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RC System Hardware v.0.1.

This page has been superseded.
For a more up to date description of this projects hardware check here:

  • Anyone building their own PCBs will still find the "First Prototype" section interesting but otherwise i recommend you use the updated page.

    The transmitter board and receiver board is to be kept as similar as possible for the time being to speed up development time. This way only one set of circuit boards needs to be developed.

    Block diagram:

                              [Power monitoring]
    [RF module]  --  [AVR microcontroller]  --  [I/O pins]  --  [servos / sensors / input device]


    First prototype of the receiver board with RF module connected.
    Professionally manufactured PCBs will bring the size down considerably.

    First prototype of the controller. The same PCB as the receiver is used.
    Plans are to include output to an LCD display via the UART for monitoring battery life, signal strength, altitude, airspeed, etc.

    RF Modules.
    The requirements of an RF module for this system were:
    - 2 way communication.
    - 500m or greater range.
    - Pre-approval by the various authorities who regulate RF transmission of the module format so this system can legally be built by a wide range of people.
    - Light weight. (under 20g)
    - Low cost. (under 50Euro.)
    - 4000bps minimum. (easily exceded by most options.)

    Several I/O modules were investigated but surprisingly few suitable ones are readily available in small numbers to hobbyists.
    The successful contenders fell into 2 categories: UART controlled modules and SPI controlled modules.

    Most of the UART based modules i saw were simple to use, half duplex devices. Packet format was all taken care of. The microcontroller just reads from and writes to the UART. This leaves the user with little control over latency.
    the most promising of these was the XBee-PRO.
    1600m range LOS. (Line Of Sight.)
    Around 30Euro.
    3g in weight.
    Pre-approved in most countries so no issues with radio licencing.
    It had the added advantage over most UART based modules that it is possible to affect when packets are sent giving some control over latency. (ie. the time between data being sent to the UART and it arriving at the other end.)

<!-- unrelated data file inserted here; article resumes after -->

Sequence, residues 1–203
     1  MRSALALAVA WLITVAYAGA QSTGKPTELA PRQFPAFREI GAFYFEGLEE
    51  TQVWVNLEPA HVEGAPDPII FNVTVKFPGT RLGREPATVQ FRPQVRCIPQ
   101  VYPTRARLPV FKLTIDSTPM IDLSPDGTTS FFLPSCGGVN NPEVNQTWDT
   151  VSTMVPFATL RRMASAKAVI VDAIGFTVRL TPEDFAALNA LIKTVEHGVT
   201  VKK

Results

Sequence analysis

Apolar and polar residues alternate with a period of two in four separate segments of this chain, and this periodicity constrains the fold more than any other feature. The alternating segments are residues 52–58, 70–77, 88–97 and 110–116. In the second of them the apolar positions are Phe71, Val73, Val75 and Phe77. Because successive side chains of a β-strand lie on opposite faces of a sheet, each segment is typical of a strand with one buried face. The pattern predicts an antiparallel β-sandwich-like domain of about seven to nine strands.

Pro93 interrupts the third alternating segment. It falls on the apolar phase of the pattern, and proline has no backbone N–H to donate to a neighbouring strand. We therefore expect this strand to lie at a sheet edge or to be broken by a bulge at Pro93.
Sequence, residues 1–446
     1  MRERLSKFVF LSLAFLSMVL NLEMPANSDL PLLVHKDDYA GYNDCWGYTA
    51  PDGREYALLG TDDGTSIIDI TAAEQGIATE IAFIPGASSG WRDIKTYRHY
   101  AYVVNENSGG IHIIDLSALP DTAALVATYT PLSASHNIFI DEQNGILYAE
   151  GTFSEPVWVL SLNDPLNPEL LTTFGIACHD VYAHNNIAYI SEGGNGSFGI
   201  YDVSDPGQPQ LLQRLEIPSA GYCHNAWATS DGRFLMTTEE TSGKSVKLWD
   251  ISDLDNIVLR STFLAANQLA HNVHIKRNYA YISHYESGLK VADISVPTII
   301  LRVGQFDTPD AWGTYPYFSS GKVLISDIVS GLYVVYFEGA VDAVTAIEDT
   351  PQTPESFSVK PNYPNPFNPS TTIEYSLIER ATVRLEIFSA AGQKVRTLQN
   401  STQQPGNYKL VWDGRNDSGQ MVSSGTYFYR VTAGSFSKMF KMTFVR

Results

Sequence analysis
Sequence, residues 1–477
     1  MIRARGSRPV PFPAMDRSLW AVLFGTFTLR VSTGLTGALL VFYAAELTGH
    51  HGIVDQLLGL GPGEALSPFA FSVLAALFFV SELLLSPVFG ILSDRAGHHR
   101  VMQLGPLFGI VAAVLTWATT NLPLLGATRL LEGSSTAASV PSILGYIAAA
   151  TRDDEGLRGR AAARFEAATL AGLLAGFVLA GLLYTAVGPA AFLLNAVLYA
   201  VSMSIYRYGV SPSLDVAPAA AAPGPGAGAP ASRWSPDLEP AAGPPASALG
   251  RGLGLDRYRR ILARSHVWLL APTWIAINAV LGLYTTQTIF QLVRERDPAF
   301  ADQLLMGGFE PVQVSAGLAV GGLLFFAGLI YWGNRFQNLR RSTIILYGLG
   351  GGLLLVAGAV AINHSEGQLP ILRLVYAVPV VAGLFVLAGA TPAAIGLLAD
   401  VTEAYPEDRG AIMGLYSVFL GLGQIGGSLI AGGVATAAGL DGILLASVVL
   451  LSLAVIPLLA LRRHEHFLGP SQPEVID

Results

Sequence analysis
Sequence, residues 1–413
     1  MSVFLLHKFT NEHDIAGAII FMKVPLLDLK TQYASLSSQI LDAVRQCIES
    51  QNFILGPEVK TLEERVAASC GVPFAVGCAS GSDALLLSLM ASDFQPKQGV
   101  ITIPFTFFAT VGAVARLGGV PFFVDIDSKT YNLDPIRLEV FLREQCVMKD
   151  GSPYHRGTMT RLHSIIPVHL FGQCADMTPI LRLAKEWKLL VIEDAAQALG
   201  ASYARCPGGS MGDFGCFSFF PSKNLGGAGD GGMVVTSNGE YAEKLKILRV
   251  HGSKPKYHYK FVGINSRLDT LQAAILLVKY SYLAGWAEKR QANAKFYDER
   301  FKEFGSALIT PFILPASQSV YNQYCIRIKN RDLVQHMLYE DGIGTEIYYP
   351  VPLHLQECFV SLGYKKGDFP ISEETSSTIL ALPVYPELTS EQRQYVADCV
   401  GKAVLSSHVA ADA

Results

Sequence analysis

Of the SPI controlled modules most of the ones i found were based on the Cypress CYRF6936 chipset, often just being an CYRF6936 and a RF amplifier on the module.
    The module i ended up settling on was a Unigen UGWJ4US which barely even has it's own datashet but instead just refers the user to the CYRF6936 one.
    1000m range NLOS. (Non Line Of Sight what ever that means...)
    14Euro. (see hidden costs later.)
    The datasheet does not actually give a weight (the datasheet omits a lot of things...) but it is 34.7mm x 23.0mm x 6.0 mm and i estimate around 5grams.
    Pre-approved in most countries so no issues with radio licencing.
    The CYRF6936 chipset allows a huge amount of control over transmission types, data rate, packet size, etc. so the only issue with latency or transmission time will be working out how to configure the required option.

    So, why did i choose a CYRF6936 based module rather than something like the XBee?
    They are more flexible. There are far more options when it comes to setting up the transmission type.
    This comes at a price though: the learning curve is far steeper and the Datasheet is somewhat obscure.
    Add to this the lack of documentation on the web and it's quite a daunting prospect for a hobbyists.
    I do suspect though the reason i chose the CYRF6936 approach is that i like the pain.

    And why did i choose the Unigen UGWJ4US over all the other CYRF6936 based modules?
    It was bang per buck. 1000m range / 14Euro.

    Problems with RF Modules.
    I opted for the Unigen LETO-LPA WirelessUSB (TM) Radio Modules, UGWJ4USHN33A Series Long Range Modules.
    As it turns out though i wish i'd used a different module.
    The Datasheet for the LETO UGWJ is terrible. For the most part it is just a copy of the Cypress CYRF6936 datasheet which is fine but there are serious omissions in the datasheet when it comes to controlling the modules RF switch and amplifier.

    What is not apparent from the datasheet is that the  PACTLn pin on the module is not controlled by the CYRF6936. This pin appears to be the receive amplifier and must be controlled by the atmega AVR microcontroller.
    To keep things simple i also opted to control the modules PACTL pin in the same way. The PACTL pin appears to control the modules TX amplifier.

    An interested developer contacted me by email and told me which CYRF6936 register controls the Unigen UGWJ4US PACTLn pin.
    The CYRF6936 register 0x0C (XTAL_CTRL), Bits 7,6 should be set "01 = Active LOW PA Control" for correct operation.

    Obscure but there you go.

    The microcontroller pins connected to PACTL and PACLTn will be configured on the microcontroller as inputs to stop them interfering with the RF module.
    This leaves them available for other similar RF modules like the Artaflex which need these pins driven.

    Alternative RF modules.
    Close to 2 months development time was wasted on the PACTLn issue due to inadequate datasheet so i must admit i'm a little grumpy at Unigen right now.

    In that vein, i would recommend considering this module from Artaflex: at 27Euro as an alternative.
    The module is listed as 1km outdoor LOS on the datasheet.
    The RF switch on this module must be controlled manually which means it cannot be used in transaction mode. To do this logic is applied to pins 11 and 12 on this module which will need to be provided for in firmware but this is a simple addition to the TX and RX code.

    For shorter range applications the Unigen UGWG LETO range at 10Euro could be used with no modifications to firmware or hardware. (pins 11 and 12 on this module are unused.)